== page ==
Averald: A Fantasy Sandbox, part 4
The following was originally posted on my old blog on October 5, 2011. I have since commandeered that blog for private use, and have decided to move my campaign development ramblings over here. They are presented here in their entirety, though they may be reformatted to be easier to see on this blog’s color scheme. Thanks for reading!
Now is the time to decide how many adventures we want in our little sandbox. If you wanted to, you could just go with whatever you decided or rolled in Step 3, but a bunch of unrelated one-shot encounters just isn’t very satisfying sometimes. So let’s take a couple of these and make some bigger adventures.
Just for the record, I’ve got 41 map objects on my map of northeastern Lorthera. I’ve separated them into:
- 21Settlements (this includes any settled area that is not immediately hostile toward the PCs.)
- 1 City
- 6 Towns
- 8 (marked) Villages — villages are small settlements, usually not marked on the map. The ones that are marked are the ones that have inns, or possibly something interesting going on.
- 7 Miscellaneous Settlements (including hermits, fortifications, religious settlements like monasteries, etc.)
- 5 Ruins (probably infested with monsters.)
- 9 Monster/Enemy Locations (either in lairs or wandering; this includes any place whose denizens are immediately hostile toward the party — monsters, bandits, etc.)
- 6 Miscellaneous Locales (natural resources, odd patches of wilderness, bad weather, etc.)
So, that brings us to…
Decide how many adventures you want to lace your sandbox with, and decide how big you want them to be. Using the resources you’ve already built (maps, history, list of encounters), put related encounters into groups of about five each.
I find a spreadsheet to be very helpful at this point, though if you’re allergic to them, notecards would work as well. Take all of those things you generated randomly in Step 3 and group them according to subject, proximity, or anything else that strikes your fancy. Here are a few ideas:
1. Take a group of encounters that seem related and arrange them in the order they appear on the map, from one point to another in the order they’d be traveled through. As you go, jot down notes about why the PCs might go from one of those encounters to the other.
06024: Lorhaven – adventure starts here.
09024: Fortress – ore stolen from mine nearby.
10024: Natural Resource – investigate mine.
11022: Encampment – track thieves to their camp.
15019: Fort – follow map to bandits’ lair.
You might notice that I don’t have a “11022: Encampment” on my map — remember that it’s fine to add or alter things as you go! Also notice that the outline doesn’t have to be detailed at this point — it just has to get from one point to another, we can add details later.
2. Take a few encounters that are in the same area and think about how they are affecting one another. Put them in the logical order in which the PCs would encounter them, and jot down notes about why the PCs might go from one of those encounters to the other.
05020: Village – adventure starts here.
06018: Village – investigate monster attacks.
09019: Poison Glade – hazard in the forest on the way to…
08019: Spider Pit – dungeon with tunnels leading to…
10019: Ruined Tower – boss monster (spider queen.)
Once again, remember that these don’t have to be detailed yet. We can work that out later. I try to put about five encounters per adventure, but sometimes encounters are optional, like the Poison Glade in this example.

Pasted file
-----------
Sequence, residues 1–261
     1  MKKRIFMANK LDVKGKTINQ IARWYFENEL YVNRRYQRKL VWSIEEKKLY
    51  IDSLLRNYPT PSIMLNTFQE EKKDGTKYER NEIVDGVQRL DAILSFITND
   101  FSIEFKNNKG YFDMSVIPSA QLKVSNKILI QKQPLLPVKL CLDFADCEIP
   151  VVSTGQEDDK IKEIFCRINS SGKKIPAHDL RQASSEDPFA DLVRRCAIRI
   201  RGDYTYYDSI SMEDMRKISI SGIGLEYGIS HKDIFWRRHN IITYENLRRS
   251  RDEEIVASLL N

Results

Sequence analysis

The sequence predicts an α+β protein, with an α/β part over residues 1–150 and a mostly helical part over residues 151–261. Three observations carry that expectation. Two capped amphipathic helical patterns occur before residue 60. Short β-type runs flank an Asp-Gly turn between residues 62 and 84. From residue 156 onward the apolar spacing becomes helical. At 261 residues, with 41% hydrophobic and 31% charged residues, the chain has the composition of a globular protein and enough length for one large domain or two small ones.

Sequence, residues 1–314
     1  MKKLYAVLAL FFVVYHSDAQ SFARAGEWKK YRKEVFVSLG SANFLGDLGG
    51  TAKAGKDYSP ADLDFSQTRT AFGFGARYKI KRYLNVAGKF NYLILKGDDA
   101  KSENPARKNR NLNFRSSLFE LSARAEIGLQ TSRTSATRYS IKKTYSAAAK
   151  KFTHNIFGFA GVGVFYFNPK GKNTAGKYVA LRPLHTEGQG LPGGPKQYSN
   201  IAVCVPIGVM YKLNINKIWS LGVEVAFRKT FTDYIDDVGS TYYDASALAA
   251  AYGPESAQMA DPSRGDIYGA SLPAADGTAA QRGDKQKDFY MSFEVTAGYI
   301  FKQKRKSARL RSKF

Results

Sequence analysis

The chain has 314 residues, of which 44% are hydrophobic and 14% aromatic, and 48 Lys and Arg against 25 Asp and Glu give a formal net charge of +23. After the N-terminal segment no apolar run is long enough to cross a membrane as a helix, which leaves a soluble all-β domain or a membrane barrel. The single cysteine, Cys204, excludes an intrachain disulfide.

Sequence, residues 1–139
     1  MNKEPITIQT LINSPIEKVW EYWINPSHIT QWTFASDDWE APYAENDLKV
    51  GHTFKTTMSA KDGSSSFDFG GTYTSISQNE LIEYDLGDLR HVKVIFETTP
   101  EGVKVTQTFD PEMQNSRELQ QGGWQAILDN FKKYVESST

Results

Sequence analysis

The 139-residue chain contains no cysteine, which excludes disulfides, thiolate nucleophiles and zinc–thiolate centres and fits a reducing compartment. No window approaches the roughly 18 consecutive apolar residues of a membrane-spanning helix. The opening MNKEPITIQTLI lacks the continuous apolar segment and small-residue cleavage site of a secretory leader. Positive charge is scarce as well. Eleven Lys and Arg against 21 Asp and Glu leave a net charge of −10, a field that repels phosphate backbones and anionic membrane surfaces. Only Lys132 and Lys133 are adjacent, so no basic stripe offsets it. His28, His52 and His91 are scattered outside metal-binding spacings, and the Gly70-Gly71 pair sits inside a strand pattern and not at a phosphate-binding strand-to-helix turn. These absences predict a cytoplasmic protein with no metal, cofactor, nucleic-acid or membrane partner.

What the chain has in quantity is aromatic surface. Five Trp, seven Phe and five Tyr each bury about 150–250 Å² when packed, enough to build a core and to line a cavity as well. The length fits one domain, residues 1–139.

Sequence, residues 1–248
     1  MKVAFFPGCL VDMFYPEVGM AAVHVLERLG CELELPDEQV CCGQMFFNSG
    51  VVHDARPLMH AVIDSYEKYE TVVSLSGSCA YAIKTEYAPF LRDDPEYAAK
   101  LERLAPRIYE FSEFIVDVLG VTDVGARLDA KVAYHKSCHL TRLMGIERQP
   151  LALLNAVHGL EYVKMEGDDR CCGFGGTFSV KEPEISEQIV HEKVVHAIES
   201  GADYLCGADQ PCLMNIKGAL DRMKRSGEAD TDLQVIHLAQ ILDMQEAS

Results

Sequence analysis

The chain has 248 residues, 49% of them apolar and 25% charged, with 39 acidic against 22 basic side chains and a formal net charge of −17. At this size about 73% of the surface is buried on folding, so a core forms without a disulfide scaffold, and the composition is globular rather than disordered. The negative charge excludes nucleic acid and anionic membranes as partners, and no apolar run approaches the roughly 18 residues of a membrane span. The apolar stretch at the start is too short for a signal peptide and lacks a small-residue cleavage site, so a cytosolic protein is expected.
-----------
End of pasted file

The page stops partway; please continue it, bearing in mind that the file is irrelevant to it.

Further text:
3. Take a few encounters with a similar theme, even if they’re far away from each other, and decide how they relate to each other. Then put them in a logical order and — surprise, surprise — jot down notes about why the PCs might go from one of those encounters to the other.
07022: Ferry – the adventure starts here.
06017: Fellwick – take a boat to investigate…
07016: Shipwreck – find some artifacts from…
10006: Cult of the Water God – get map to…
08014: Lost Temple – boss monster and treasure.
Looks like there will be a lot of water travel in this adventure.
After we’ve done this for most of the encounters on the map — leaving a few that aren’t related to anything else is fine, just as long as there’s a hook to them somewhere — it’s time to start turning those little outlines into real adventures.
 This seems like a lot, I’m sure — just over half of all the objects on the map — but I enjoy a lot of roleplaying in my games, and I like adventures to take place in towns as well as the wilderness, so that may be why. I like to give players opportunities to roleplay and use non-combat skills, so I want to develop at least a few adventures that don’t involve a lot of combat. Also keep in mind that a lot of adventures start in towns, even if it’s just as a rumor of an unexplored dungeon in the area.
 A lot of gamers seem to take it for granted that everywhere they go, there will be an inn for them to stay at and some shops to buy stuff. Many villages do not have inns, or even many stores. For somewhere to stay the night, they will have to rely on the kindness of strangers, and for things to buy, they will have to find the right people to barter with or wait for a market day.
 I should mention, at this point, that the town of Fellwick (06017) on the map is intended to be the Fellwick for which I drew a map a few years back. It was drawn with the intention of being a hub for a roleplaying game, and I’ve never used it, so I figure I might as well now. It has a little bit of history that I can tie in quite nicely with the rest of this little setting.